The controller will also allow you to mount up a V-lock battery. With these bigger, more robust batteries you should be able to get about an hour of full power lighting without having to look for a wall plug. That's great for remote locations but the cost of the batteries is atrocious. Ah well, there's rarely free lunch.
Just downstream from the controller is a black, rectangular power supply. This plugs into the wall on one end and into the controller on the other. So you have three physical devices (light, controller, power block) as well as the interconnecting cables. A bit messy but manageable.
One more interesting feature is the inclusion, with every light, of a wireless, 2.4G remote control. With the remote you can turn the lights on and off, and you can control the power settings. Great for changing ratios while you are at camera position; especially when the lights are hung up high. There are separate channels so you can control three different banks of lights from one remote. Interesting, but I still keep reaching for the controllers and enjoying the tactile reality of lighting control.
The bigger light, the LS-1s, uses SMD LEDs but, like previous generations, hides them behind little plastic nubbins or clear lenses that create directionality (or micro focus) for each LED. The way the light is designed gives it a 20-25 degree light angle. It's got more throw that way. If you need a softer or wider beam you can easily put diffusion in front of the fixture. In fact, the maker provides an envelope with sheets of carefully selected diffusion to do just that.
The LS 1/2 uses its SMD LEDs naked. The light emitting business end of each small "lamp" is right on the surface and the fixture uses nothing to focus the beams. The light seems exceptionally bright but it does cast a very wide spread of light. You'll either want to use them with big diffusion or as background lights. They have beautiful color but you'll need to practice what you learned working with Lowell Tota-Lights from the tungsten era in order to get the most out of them, vis-a-vis modifications.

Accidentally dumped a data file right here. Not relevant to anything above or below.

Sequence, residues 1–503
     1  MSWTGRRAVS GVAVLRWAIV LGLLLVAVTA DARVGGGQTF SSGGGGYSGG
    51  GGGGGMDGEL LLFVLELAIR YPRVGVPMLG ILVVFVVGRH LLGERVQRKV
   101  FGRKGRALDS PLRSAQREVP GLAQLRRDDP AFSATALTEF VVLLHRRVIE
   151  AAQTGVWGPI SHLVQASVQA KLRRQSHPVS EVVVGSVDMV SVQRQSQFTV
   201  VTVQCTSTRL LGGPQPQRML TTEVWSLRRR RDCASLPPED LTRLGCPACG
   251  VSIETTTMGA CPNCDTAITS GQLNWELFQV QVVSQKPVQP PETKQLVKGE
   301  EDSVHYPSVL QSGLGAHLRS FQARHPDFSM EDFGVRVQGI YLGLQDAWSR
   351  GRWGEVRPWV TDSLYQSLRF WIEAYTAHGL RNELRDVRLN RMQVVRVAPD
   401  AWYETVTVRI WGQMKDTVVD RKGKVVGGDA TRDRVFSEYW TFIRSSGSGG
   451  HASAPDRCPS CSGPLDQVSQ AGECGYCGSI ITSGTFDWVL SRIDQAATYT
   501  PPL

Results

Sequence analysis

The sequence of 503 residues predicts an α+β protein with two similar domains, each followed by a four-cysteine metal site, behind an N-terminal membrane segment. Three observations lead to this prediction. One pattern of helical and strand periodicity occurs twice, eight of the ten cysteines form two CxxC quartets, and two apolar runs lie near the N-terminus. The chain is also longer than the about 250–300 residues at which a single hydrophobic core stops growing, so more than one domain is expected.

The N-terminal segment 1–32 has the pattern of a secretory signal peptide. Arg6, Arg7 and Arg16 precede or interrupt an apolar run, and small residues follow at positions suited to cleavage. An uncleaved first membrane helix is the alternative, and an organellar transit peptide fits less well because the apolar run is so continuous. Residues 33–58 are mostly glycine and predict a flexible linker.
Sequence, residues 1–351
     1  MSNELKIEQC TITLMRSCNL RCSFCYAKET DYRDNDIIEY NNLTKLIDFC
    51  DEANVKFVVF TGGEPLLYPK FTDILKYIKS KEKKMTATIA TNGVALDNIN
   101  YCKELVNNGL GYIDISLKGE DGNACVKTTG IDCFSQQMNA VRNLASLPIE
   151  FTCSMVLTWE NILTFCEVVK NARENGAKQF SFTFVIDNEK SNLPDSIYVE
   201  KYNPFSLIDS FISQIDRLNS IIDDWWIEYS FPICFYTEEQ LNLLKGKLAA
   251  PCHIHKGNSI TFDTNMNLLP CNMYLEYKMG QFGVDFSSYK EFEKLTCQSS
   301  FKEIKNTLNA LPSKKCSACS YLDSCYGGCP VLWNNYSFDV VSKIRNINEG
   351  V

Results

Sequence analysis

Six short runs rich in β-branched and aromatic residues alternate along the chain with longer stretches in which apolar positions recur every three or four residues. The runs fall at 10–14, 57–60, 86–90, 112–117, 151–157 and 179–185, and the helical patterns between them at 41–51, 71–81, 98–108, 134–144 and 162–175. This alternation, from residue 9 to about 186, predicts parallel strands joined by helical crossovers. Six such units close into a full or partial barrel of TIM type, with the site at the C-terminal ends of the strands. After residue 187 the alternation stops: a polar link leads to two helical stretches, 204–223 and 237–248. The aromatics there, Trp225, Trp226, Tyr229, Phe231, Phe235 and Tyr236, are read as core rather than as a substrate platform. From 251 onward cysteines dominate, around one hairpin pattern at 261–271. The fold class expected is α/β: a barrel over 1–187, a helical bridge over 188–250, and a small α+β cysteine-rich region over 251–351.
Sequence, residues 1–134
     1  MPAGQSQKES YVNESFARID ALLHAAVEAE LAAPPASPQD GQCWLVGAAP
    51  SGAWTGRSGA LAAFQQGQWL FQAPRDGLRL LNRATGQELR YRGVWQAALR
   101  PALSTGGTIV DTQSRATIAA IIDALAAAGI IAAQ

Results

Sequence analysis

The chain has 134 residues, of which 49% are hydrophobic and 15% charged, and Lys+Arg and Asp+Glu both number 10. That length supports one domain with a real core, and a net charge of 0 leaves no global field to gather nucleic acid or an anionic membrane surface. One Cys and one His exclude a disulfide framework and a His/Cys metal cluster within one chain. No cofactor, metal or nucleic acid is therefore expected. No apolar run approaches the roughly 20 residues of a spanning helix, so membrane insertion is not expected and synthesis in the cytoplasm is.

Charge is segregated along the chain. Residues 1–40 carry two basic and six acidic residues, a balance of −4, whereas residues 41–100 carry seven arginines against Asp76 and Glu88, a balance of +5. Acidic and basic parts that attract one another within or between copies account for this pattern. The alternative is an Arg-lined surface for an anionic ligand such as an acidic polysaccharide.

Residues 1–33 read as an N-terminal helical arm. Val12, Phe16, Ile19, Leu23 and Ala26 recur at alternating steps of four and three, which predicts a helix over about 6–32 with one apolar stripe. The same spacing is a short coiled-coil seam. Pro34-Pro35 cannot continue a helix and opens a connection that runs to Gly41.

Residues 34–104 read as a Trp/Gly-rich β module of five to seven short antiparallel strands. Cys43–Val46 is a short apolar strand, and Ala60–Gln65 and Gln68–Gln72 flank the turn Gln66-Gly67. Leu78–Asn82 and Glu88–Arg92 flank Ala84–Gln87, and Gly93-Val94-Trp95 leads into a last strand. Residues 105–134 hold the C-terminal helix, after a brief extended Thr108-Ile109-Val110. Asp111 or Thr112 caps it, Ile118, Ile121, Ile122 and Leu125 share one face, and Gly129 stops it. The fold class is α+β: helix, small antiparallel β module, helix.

So, now that I've had a chance to play with them what's the bottom line assessment?
The color is so clean that this by itself means they've grabbed a spot as my preferred lighting tools. It's just so clean and perfect. The flesh tones require very little (usually none) work in PhotoShop and the power is quite welcome. Since the entire back of each lighting unit is one big, extruded heat sink I'm going to give them two thumbs up for engineering and (hopeful) reliability.
The ones I bought are single color temperature models. They just do daylight. 5500 Kelvin daylight. I've had bi-color panels in the past and, while the color flexibility is great to have, you lose half the power since the flexibility comes from turning a daylight set of bulbs up while turning tungsten bulbs down, and vice versa.
I bought four lights in total. Two big ones to use with diffusion as main lights and key lights and two of the half units to use to evenly (and widely) light backgrounds with direct (unmodified) lighting. They pack down smaller than the RPS lights and are smaller and lighter than the previous panels I owned.
All-in-all it's cost effective package for around $2400.
I've paid more for less...
Were I to persevere as a still photographer only I doubt I would have even considered the upgrade but one of my goals for 2017 is to drive the business toward a 50/50 split; photography and videography, and a set of Profoto strobes just won't hack the moving part of that equation. One more acquisition to write about before the end of the year. Stay tuned.
The Aputure Light Storm LS-1s fixture on the left, controller on the right.
A closer view of the controller, which also features DMX control.
Professional Limo connectors for a locking fit.
The 1/2 height model. Bright!!!